Here's the state of Toronto's farm system

November 24th, 2020

After three straight losing seasons and fourth-place finishes in the American League East, the Blue Jays showed improvement during the shortened 2020 season, securing the No. 8 spot in the expanded postseason with a 32-28 regular-season record. And while they were unable to advance beyond the Wild Card Series, falling to the AL champion Tampa Bay Rays via a two-game sweep, it nonetheless was a breakthrough year for the Blue Jays and their young Major League roster.

While the graduations of former top prospects Vladimir Guerrero Jr. and Bo Bichette have negatively affected Toronto’s farm system -- ranked by MLB Pipeline as the fifth-best in baseball going into 2019 -- back-to-back strong Drafts by the organization, along with the rise of some recent Blue Jays international signees, still has the system in good shape overall.

Flame-thrower Nate Pearson and catcher Alejandro Kirk are poised to make an even more significant impact next season after their strong finishes to the season as members of the postseason roster. What’s more, they soon could be joined in the Major Leagues by other top Blue Jays prospects such as first-rounders Austin Martin and Alek Manoah and trade acquisition Simeon Woods Richardson.

After making a top 12 pick in three straight Drafts, the Blue Jays will try to find value in the second half of the first round next year with the No. 19 overall pick. They’ve had mixed results with their later first-round picks in the past half-decade, with Pearson (No. 28 overall in 2017) the most encouraging example.


2020 Midseason: 7 | Preseason: 16
2019 Midseason: 10 | Preseason: 5
2018 Midseason: 5 | Preseason: 9
2017 Midseason: NR | Preseason: NR
2016 Midseason: NR | Preseason: NR
2015 Midseason: NR | Preseason: 10

Only the top 10 systems were ranked from 2015 to 2019 preseason; the top 15 systems were ranked 2019 midseason.


  1. Nate Pearson, RHP (No. 6 on Top 100)
  2. Austin Martin, SS/OF (No. 16)
  3. Jordan Groshans, SS (No. 70)
  4. Simeon Woods Richardson, RHP (No. 93)
  5. Alek Manoah, RHP


Draft: Austin Martin, SS/OF, 1st round (No. 2/MLB No. 19); CJ Van Eyk, RHP, 2nd round (No. 11); Trent Palmer, RHP, 3rd round (No. 27); Nick Frasso, RHP, 4th round (No. 24); Zach Britton, OF, 5th round Complete Draft list »

Returned: Dany Jiménez, RHP

Martin was the second-ranked player on MLB Pipeline’s Draft Top 200 but fell to the Blue Jays with the No. 5 pick. The Vanderbilt product was regarded as the best pure hitter in the 2020 class and signed for the 12th-highest bonus in Draft history ($7,000,825). Van Eyk and Palmer also received slightly above-slot deals, and the Blue Jays landed a premium athlete with projection in Frasso. Jiménez, a Rule 5 pick by San Francisco, was returned to Toronto in early August after the Giants had designated him for assignment.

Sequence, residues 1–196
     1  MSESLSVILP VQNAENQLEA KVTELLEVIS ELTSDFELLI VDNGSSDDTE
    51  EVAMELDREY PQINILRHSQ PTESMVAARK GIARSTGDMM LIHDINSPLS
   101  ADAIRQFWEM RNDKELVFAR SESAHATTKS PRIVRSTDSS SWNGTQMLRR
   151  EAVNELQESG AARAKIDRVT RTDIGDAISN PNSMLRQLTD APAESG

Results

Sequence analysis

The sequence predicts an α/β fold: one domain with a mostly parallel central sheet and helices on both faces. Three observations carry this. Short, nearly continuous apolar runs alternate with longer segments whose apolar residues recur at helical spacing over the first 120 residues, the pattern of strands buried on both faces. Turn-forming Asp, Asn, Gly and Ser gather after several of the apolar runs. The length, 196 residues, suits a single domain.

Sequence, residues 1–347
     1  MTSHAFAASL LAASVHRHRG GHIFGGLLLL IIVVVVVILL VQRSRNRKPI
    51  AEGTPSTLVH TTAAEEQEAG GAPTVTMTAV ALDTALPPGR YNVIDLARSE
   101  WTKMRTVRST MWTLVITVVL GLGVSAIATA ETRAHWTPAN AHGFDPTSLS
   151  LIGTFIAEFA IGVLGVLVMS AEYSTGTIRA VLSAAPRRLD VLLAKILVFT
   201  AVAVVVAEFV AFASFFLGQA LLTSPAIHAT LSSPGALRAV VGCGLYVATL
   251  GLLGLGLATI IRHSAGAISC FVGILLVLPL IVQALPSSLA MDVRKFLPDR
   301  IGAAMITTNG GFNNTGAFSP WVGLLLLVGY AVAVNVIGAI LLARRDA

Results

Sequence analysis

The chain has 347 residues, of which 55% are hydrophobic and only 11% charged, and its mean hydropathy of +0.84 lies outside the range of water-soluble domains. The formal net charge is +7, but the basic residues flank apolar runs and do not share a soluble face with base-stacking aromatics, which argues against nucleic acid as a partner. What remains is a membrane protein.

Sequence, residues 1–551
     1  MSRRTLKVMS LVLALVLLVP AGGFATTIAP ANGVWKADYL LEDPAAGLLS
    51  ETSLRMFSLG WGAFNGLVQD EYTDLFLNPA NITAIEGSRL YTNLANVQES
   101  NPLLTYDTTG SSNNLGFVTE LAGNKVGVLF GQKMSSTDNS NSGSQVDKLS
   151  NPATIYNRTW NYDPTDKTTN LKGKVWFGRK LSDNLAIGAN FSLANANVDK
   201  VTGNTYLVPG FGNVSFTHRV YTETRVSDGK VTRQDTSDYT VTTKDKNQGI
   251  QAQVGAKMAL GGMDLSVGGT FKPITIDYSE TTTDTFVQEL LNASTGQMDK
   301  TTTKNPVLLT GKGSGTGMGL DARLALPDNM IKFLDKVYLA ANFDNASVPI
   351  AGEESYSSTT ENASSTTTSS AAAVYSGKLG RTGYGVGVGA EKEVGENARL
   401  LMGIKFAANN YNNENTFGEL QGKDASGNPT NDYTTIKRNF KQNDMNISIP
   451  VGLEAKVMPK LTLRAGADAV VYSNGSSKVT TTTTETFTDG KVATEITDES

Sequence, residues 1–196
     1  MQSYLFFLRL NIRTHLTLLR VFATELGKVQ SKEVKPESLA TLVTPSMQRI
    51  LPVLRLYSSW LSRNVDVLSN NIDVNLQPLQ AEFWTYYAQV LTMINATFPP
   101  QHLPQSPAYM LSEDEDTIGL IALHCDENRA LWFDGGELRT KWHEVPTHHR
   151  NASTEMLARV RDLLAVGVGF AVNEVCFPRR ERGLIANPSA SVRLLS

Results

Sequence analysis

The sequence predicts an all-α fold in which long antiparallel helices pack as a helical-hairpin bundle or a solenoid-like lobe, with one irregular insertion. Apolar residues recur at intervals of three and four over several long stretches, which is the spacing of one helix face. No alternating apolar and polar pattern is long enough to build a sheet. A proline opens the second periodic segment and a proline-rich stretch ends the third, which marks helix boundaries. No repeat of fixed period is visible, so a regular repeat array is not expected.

Nate Pearson, RHP: Pearson had flashes of dominance during his first four starts before landing on the injured list late in August with right elbow tightness. The ailment proved a non-issue for the 24-year-old right-hander as he struck out five batters while hitting 101 mph during a two-inning relief appearance in the postseason. Despite having obvious upside as a reliever, Pearson has a significantly higher ceiling as a starter, possessing all the raw ingredients needed to become a true front-of-the-rotation force.


Jordan Groshans, SS: The former first-round pick (No. 12 overall in 2018) offered a glimpse of his upside as a hitter in 2019 -- .337/.427/.482 at Class A Lansing – before suffering a season-ending foot injury in mid-May, after just 23 games. The 21-year-old has impact potential at the plate, with the ability to hit for both average and power, and he should have no problem meeting the offensive demands associated with the hot corner even if forced to move off shortstop.


Hit: Austin Martin
Power: Jordan Groshans
Run: Dasan Brown
Arm: Chavez Young
Field: Dasan Brown
Best athlete: Dasan Brown

Fastball: Nate Pearson
Curveball: Patrick Murphy
Slider: Nate Pearson
Changeup: Simeon Woods Richardson
Control: Simeon Woods Richardson


Draft: 16
International: 12
Trade: 2

Toronto’s Top 30 Prospects list is mostly homegrown, as all but two players were either drafted or signed as international amateurs by the organization. The fact that former first-round picks occupy four of the top five spots and that more than half of the players (9) ranked in the top 17 were international signees reflects the team’s scouting successes in those departments. Acquired along with Anthony Kay from the Mets in the 2019 Marcus Stroman deal, Simeon Woods Richardson is Toronto’s next-best pitching prospect after Pearson and could be ready to contribute in 2021. Julian Merryweather (No. 20), an Indians Draft pick in ‘14, made his big league debut at age 28 this past season, making eight appearances, including three starts.

Top 30 by Position

C: 3
SS: 9
OF: 2
RHP: 16

Catchers Alejandro Kirk (No. 6), Gabriel Moreno (No. 8) and Riley Adams (No. 22) are all on the 40-man roster and will give Toronto plenty of options next season, along with incumbents Danny Jansen and Reese McGuire. The club’s group of seven shortstop-capable infielders ranked in the top 15 features a pair of Top 100 prospects in Martin and Groshans, and another, Orelvis Martinez (No. 7), who is very much in the conversation. Right-handers Pearson, Woods Richardson and Alek Manoah (No. 5) all look like future rotation candidates for the organization and could pitch together in the big leagues sooner than expected.